Add your "Odds & Sods" here thread


We're about more than just birds (though obviously we like them a lot).
All creatures....

Add your "Odds & Sods" here thread

  • I'll put these here as a record

  • HAZY

    Morning W.E,   looks like you had a lovely day out at GPNR and well spotted with these three birds which are all rather special to see.    As you say the water levels are dropping fast and its a worry with no rain for weeks but at least it drove the snipe closer for you to see which was a nice bonus.   Hopefully we will get some much needed rainfall before we are all on water restrictions, never seen the grass so brown.  

    Thanks Hazel! You're right about the grass being so brown, whilst walking to the local stores, I have noticed the grass by the roadside being so crunchy and lifeless. I think It will do some good for everything to have some rain.  

    @ Alan, nice shots of the Green Woodpecker, I have yet to see one.

    I went back to GPNR this morning and managed a few more shots of the Snipe and Reed Warblers which are better than yesterday's as there are little haze from the heat. I am still struggling to make my current camera and lens combo work, usually I have better luck in brighter weather conditions but I feel that overcast days are a real struggle and it's a shame because I prefer the lighting conditions. 

    There were about 3-4 Snipes hanging around today. I also got a quick glimpse of a Water Rail too which was actually unexpected even though they are known to be on the reserve. Unfortunately no photos of it.


    I am loving the Reed Warblers. They are so fun to watch as they fly from reed to reed and hopping down to grab insects of the surface and fly catching above the water like a Wagtail.

    One of two Little Grebes, always a welcomed sighting for me along with GCB and other Grebe species, although I have yet to have seen them, hopefully someday I'll tick them off the list.

    Oh, I was lucky enough to also see a brief view of an otter just before it entered the reeds, which was spotted by another birder as he noted that the gulls and terns were flying around the surface of the lake trying to swoop down at a moving object leaving behind a trail of ripples. It was a first time that I have seen an otter at this reserve.



  • A few shots of the Buzzard from yesterday when three were in the air;  two adults and one juvenile being put through some lessons.

    I only had the 300mm attached and they were getting higher up in the sky as I took the shots so these are hard cropped. 

    This was the juvenile which I put up on "young of 2018" thread 

    then next is one of the adults;    I couldn't get three in frame 

  • Those are very good to say they were taken from the garden Hazel.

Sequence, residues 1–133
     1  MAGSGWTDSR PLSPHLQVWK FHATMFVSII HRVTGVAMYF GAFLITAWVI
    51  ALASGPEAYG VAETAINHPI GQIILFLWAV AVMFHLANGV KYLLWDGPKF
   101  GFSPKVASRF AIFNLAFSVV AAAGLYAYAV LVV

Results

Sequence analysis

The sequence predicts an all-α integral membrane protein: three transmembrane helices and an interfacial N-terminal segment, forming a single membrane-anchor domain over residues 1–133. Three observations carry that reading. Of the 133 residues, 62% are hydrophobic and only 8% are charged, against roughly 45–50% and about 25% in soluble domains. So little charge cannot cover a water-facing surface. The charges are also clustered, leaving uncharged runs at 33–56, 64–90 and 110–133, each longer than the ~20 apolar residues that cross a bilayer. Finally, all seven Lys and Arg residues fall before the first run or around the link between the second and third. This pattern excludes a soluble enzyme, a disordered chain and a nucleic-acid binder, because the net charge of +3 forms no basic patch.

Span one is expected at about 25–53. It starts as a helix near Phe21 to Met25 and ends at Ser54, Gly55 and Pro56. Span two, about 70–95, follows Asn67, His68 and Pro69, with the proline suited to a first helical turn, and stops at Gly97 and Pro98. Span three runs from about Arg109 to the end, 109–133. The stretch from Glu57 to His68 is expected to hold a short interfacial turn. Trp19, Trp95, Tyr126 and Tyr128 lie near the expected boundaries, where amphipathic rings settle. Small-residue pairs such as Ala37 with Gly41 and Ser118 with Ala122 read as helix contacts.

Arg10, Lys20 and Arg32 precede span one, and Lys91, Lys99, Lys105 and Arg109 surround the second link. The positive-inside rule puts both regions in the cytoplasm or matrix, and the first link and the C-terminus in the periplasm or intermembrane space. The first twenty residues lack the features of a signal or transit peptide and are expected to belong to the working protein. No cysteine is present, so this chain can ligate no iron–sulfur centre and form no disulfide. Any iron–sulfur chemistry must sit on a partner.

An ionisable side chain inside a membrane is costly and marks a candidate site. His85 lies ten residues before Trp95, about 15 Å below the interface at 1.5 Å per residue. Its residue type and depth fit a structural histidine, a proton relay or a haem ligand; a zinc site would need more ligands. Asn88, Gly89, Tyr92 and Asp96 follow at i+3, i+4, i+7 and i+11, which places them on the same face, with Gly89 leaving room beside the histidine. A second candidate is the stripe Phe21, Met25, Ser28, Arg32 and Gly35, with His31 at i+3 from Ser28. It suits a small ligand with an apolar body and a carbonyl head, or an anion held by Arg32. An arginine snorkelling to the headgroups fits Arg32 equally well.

• I can hear them again Jim as I'm sitting outside with the laptop but they must be quite distant as their mewing is quite faint;  always a pity as our corvids tend to chase them away when they come within range of the camera.  

  • Shame the corvids chase them away but then again they don't want a bird like that hanging around the place.

  • I find that my Heath Robinson bird feeder is helping to keep Blackbirds alive this summer. The soil in our garden is rock solid, while any sensible worm is deep underground. The Blackbirds are often seen thus, consuming lots of seeds. I haven't seen them pull a worm for sometime, and they rarely forage in the mess of dead leaves in my borders.

    During a normal summer, the grass around the bird feeder is lush and verdant, due to all the bird droppings. There is also a ring of flattened grass around the bird feeder due to all the birds, particularly Wood pigeons stomping on it. This year, the grass is getting pretty dead. The only reason it isn't completely dead is because it gets lots of shade.

    The upside is I haven't taken lawnmower to grass since early June; or was it late May?

    We have lefty Nuthatches and righty Nuthatches. The two families live in two small coppices to the left and right of our house, quite some distance away. They squabble if both visit the bird feeder at the same time. Nuthatches are pretty vicious. The other birds know to leave them well alone.

    This is the righty Nuthatch.

    The various Tit fledgling have been introduced to my bird feeder by their parents. It was interesting watching how they figured out how to approach and land on the bird feeder. It did take them some time to figure.

    The Robins also appear to have had a good year. The do tend to defend the bird feeder, with many a squabble with the other small birds.

  • These photos were taken on one frosty morning in early May. Although our weather has be barmier that usual, a frost in May (as many a gardener knows to their cost) is not too unusual.

    All photos taken with my bridge camera. Hence a bit fuzzy, especially due to the early morning light conditions and mist.

    There were two Greylag geese (hope I've identified them correctly) on 'lower lake' on the nascent Fleet Hill farm reserve. I saw them quite a few times over the following weeks.

    This Great Crested Grebe was on its lonesome in said lake. In all the months I saw it on the lake, it was always on its own. It got quite used to people, due to them walking their dogs or riding their horses along the bridle path, newly created by Cemex, that bordered the lake.